Building A Down Payment
Some home buyers simply cannot qualify for a down payment assistance grant. Others simply may not be able to find a seller willing to use a 501c3 Charity to create a down payment. So what should you do if you find yourself in this situation?
The first option is really driven by your credit. There are plenty of programs that allow 100% financing and even up to 106% financing for home buyers. Whether they are in the form of a single loan, or they are a 80% first mortgage and tied to a 20% second mortgage. If you qualify for this type of product, and the payments fit your budget, then consider this option, but only after applying good sense to the problem and the resulting mortgage payment.
The last thing any home buyer wants is to pay a bunch of different companies for the privilege of being foreclosed on in 8 to 12 months. Sometimes, the best solution is to wait, plan then act.
As a side note. If you own your own land already, and you plan to build your home on this land, the equity contained within the land can in fact act as your down payment. If this is you, and the equity amount is sufficient, you have your down payment.
Whether you are single or a two member household, saving a downpayment is one of the hardest things to do. Why? Many of us have never been taught how to save. Saving takes a combined commitment to a goal and a sacrifice in wants. This means going without that new “Hip” wardrobe or that latest high tech $300.00 cellular phone. Or maybe it’s that cool palm pilot? Saving means budgeting and sacrifice. Going without for the short term for the long term gain of a desired goal.
The average home buyer will typically need a down payment of about 11% of the planned purchase price in order to close. This figure accounts for closing costs, which can be negotiated with the seller. If you are planning your home purchase it is perfectly natural to say, “I want the seller to pay 6% toward my closing costs.” This is well and good, but don’t bank on it. Take a shot when you reach 5%, but be prepared to save another 6%.
So lets consider how we achieve the downpayment. We spend a lifetime paying others. Whether it’s the electric bill, the water, the cable, the car payment and so many others. You work 40 to 50 hours a week or more, yet you never pay yourself? It’s time to start paying yourself first, before you budget your other expenses.
This is saving.
If you have difficulty doing this, think of it in terms of wanting to buy a 52″ HD color TV so badly you can taste it. How many hoops would you jump through to acquire that thing you can taste but don’t yet have? You need to want your down payment as badly as you want to own your home. If you don’t, then you’re simply not ready to buy a home.
The biggest reason most people fail to achieve goals in life, is the “I can’t because” attitude. If you’re saying to yourself “I can’t do it” you need to read this: I Can’t
If you believe you can, then keep reading.
When saving for a down payment, you have to ask yourself how much monthly payment could I add to my budget and still meet my other needs? Take this amount and pay yourself. If you find you lack the will power, then, go to your bank and take out a loan equal to the amount of your down payment goal. Set the repayment terms up so they meet your budget. Secure this loan with a interest bearing certificate of deposit equal to the loan amount. You now have your down payment within your grasp. If in the future you run into financial trouble, simply cash out the CD and payoff the loan. This method is the best because it puts your target clearly in your sites without risking your financial future. Your goal is clearly to pay it off early. It’s time you start paying yourself.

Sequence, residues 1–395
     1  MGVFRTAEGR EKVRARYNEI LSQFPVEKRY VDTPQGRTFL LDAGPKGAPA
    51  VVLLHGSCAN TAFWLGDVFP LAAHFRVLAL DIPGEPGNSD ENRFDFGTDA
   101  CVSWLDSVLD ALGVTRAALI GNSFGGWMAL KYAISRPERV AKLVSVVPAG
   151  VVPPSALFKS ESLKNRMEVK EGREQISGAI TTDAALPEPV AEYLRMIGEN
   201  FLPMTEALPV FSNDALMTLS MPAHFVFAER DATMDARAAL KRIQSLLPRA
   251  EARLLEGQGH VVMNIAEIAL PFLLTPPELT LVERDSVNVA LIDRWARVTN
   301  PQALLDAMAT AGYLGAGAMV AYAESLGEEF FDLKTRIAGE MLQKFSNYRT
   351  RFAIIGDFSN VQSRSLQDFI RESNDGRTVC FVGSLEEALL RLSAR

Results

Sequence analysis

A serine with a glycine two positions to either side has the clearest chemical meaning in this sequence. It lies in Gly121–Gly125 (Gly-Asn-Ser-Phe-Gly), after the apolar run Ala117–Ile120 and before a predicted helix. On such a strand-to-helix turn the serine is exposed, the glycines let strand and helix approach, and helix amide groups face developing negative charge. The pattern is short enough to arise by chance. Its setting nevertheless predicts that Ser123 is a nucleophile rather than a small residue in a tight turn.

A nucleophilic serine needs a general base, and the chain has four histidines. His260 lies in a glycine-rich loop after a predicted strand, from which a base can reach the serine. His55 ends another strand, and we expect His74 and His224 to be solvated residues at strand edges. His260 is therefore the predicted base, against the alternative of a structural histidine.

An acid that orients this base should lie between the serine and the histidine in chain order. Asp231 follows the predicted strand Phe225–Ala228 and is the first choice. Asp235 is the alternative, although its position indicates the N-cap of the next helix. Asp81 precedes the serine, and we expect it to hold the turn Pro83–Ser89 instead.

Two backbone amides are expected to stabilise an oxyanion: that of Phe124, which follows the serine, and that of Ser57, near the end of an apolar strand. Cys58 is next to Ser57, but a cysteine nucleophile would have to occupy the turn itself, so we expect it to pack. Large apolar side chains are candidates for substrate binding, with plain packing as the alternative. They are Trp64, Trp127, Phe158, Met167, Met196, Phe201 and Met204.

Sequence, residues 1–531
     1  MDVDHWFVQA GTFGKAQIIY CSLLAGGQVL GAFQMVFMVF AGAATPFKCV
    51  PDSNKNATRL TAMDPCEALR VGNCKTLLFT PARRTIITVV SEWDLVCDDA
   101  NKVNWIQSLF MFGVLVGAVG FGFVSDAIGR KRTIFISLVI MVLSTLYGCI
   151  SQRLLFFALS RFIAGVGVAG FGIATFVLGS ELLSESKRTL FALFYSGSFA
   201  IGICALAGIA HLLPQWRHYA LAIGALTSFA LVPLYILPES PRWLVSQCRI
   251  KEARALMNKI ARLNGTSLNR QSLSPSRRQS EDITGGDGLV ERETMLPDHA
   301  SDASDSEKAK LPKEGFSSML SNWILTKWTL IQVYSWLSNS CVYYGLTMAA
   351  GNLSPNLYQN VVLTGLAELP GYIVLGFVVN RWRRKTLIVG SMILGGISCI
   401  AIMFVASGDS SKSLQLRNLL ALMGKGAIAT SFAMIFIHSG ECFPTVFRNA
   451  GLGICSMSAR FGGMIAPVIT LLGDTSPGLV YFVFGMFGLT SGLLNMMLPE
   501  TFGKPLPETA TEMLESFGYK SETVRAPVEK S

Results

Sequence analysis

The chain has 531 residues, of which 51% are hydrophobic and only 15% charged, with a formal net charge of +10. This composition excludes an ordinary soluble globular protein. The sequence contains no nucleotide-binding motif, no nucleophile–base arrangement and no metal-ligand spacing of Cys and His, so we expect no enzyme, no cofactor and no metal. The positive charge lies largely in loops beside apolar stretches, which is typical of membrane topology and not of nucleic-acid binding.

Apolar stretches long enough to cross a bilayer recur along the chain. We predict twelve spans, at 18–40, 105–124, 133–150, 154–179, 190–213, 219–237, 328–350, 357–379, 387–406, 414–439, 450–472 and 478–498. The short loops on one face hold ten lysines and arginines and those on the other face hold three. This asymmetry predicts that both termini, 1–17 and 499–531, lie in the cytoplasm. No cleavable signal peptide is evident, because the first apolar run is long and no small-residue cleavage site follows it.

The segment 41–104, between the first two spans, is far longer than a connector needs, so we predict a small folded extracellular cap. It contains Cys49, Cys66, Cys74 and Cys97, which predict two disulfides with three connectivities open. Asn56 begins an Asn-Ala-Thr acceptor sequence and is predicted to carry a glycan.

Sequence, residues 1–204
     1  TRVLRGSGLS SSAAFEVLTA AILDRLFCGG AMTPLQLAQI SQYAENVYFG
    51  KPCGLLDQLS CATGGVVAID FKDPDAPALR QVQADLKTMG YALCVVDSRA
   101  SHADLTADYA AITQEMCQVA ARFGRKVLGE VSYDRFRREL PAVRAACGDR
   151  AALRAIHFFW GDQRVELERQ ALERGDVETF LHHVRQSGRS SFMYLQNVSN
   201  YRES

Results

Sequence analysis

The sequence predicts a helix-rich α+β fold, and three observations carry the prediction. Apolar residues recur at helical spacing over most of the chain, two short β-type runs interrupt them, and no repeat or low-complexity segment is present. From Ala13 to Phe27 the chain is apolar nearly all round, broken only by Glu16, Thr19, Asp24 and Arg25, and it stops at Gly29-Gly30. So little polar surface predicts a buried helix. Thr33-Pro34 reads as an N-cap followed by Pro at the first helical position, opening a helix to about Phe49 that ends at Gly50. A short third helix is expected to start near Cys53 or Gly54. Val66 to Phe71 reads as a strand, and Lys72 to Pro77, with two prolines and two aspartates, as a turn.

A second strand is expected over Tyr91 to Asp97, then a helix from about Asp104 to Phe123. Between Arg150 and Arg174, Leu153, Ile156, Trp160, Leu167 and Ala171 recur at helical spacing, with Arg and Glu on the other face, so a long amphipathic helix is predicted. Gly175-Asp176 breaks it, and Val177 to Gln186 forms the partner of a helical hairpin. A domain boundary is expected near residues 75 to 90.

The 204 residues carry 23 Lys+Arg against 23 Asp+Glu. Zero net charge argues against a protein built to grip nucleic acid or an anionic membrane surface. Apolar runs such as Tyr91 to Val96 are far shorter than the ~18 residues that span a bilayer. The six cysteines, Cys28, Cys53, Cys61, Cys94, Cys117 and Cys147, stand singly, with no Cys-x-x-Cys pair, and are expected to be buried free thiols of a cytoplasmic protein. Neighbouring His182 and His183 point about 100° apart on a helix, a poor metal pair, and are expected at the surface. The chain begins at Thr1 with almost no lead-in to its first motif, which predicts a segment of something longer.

How do you do this? Income tax return. You get a nice fat check from IRS every year? What better place to put those funds than a lump sum paydown of the balance you owe. That’s paying yourself first and getting rid of the temptation to spend this money elsewhere.
Don’t get money back? Try reducing you dependents and paying more taxes to force savings. No, you don’t make any interest, but no interest and having cash come back is much better than no cash and no interest.
Your birthday is coming up? If somebody asks what you want tell them Cash and tell them why. You’re saving for a home and your birthday money will contribute to your down payment fund. How much more will you get for your birthday just because everyone wants to see you achieve your goals? Pay yourself!
Everyone has to much clutter. Things that look nice on the shelf, or stocked away in a closet. These things are hindering your success. Sell them. There is very little we own today, that we cannot replace tomorrow. Have a yard sale, get rid of the clutter and down to bear necessities. Take that money and pay yourself.
Get a part time job. Even if it is only 8 hours a week. Every check you get, pay yourself. Have a spouse? Rotate part time jobs, so you both are making a sacrifice to pay yourself and achieve your goals. You have children? Get your family involved. If they know why you need help, even if they cannot contribute financially, chances are they will contribute by helping you through watching your children so you can provide a brighter future for them.
Not making enough money where you’re at? This is a prime opportunity to change jobs. Find a job that pays you more money, and take the difference and pay yourself.
I’m certain you can think of many other ways, that you can sacrifice for the short term, to create and save your down payment and start paying yourself.